Boudreau said he needed this trip so he could continue his own self-reflecting. He chose to start in Seattle, where he spent a few days speaking and signing his book, because it is literally at the opposite end of the country.
"It all oriented around the idea of riding across the country to get home. I wanted that to be the focal point. And when I'm riding, or working my legs strenuously up hills, I wanted all that to be about getting back home in a better state than I was," he said.
Ed Kemmick, Billings Gazette:
Boudreau, 38, said most veterans have experienced the "difficult, ambiguous" nature of war and tend to have mixed feelings on the subject. It's the people who haven't seen war, who view it as an abstraction that happens to someone else, who hold unyielding opinions.
For too many people, whether pro-war or anti-war, he said, "everything's black and white and nobody's talking about the complexities." ...
He is bicycling from Seattle to Northampton, Mass., his hometown, by himself, though some people have joined him for short legs of the cross-country trip. He stops wherever people want to meet with him. His two most recent events were in Missoula and Helena, which is where I caught up with him by phone. He'll be in Billings Tuesday and will give a free presentation at 7 that night in the Unitarian Universalist Fellowship Billings, 2032 Central Ave.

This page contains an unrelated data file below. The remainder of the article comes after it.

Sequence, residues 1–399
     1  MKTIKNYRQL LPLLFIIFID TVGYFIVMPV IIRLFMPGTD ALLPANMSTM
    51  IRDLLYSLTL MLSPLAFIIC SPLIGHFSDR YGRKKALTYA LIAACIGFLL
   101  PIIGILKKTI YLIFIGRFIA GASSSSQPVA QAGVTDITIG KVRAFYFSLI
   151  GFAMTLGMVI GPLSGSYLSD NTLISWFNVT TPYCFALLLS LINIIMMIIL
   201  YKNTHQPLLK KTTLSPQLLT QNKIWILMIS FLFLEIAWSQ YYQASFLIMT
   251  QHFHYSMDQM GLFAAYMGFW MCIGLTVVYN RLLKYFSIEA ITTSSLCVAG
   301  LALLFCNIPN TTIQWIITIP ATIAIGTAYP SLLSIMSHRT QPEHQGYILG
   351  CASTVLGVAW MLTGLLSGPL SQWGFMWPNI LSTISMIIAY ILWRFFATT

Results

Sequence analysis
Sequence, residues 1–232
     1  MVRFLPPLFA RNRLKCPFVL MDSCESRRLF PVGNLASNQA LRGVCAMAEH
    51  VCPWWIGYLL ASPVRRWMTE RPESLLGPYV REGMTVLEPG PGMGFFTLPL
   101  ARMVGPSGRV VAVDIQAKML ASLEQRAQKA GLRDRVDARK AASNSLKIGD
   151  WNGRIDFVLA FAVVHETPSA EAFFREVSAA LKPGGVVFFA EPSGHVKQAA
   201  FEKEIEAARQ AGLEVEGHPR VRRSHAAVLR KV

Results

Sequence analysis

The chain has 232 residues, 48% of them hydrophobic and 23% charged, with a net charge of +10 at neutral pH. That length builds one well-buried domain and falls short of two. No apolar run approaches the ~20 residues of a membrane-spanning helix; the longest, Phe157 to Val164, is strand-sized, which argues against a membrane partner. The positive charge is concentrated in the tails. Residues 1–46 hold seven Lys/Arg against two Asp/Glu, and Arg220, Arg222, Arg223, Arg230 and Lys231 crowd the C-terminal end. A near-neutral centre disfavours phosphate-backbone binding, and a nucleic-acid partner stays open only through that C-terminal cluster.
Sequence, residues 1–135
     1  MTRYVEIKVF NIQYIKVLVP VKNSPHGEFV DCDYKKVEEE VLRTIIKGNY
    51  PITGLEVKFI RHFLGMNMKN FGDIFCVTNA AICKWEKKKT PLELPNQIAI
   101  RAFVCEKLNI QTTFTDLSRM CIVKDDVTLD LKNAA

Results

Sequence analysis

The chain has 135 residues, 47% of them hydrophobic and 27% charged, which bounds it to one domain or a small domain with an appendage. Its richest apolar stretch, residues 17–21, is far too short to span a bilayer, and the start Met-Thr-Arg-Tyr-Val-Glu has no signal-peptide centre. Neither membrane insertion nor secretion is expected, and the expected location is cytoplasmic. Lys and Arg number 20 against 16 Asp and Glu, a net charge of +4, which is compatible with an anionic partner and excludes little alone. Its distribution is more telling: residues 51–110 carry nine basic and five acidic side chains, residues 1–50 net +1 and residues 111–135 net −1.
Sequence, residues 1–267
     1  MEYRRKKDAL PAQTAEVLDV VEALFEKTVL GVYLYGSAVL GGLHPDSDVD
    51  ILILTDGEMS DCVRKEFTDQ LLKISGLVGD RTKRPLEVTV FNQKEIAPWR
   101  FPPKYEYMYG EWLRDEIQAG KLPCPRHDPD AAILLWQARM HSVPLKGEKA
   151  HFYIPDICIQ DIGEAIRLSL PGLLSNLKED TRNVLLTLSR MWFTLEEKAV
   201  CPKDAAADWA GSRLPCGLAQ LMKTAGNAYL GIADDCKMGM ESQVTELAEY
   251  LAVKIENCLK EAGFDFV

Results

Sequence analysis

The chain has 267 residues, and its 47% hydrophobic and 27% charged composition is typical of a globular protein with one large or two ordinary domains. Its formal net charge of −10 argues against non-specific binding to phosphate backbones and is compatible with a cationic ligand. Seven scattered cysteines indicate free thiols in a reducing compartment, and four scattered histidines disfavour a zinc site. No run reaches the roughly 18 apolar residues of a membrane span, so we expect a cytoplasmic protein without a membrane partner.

Boudreau said he begins most of his discussion sessions by talking about his life and his experiences as a Marine and then lets the conversation go where his listeners want to take it. He says he is not an expert on the military, history or politics.
"What I am an expert on is my own experience and my own history," he said.
His goal is not to change people's minds or to persuade them to agree with his conclusions about war in general or the war in Iraq. He wants to show people, through his experiences, how he came to those conclusions. Understanding how somebody else came to believe something is a powerful way to move a discussion beyond superficialities and into deeper waters, he said.
He also wants to talk about post-traumatic stress. He intentionally leaves off the word "disorder" that is part of the usual phrase, arguing that the term reduces veterans to powerless victims.
He also objects to the notion that post-traumatic stress is always the result of witnessing a violent or horrific incident. The standard diagnosis fails to acknowledge that sometimes post-traumatic stress is brought on by guilt, suffered by soldiers who can't reconcile civilian morality with the morality of war.
Omit "disorder," he writes in "Packing Inferno," and "Suddenly the veteran's distress can be viewed as the product of a good quality, not a bad one; and I think that would be valuable for wounded veterans to feel: that their distress is a good thing and natural."
Boudreau doesn't want people to think that his bicycle tour is his "little homespun remedy for post-traumatic stress." That is something he dealt with before the trip began. He's biking because he wanted to talk and listen and connect with people, and to probe his own thoughts about important subjects.
And he simply wanted to get to know the United States better.
"We always talk about defending our country," he said, "but most of us haven't seen a tenth of it."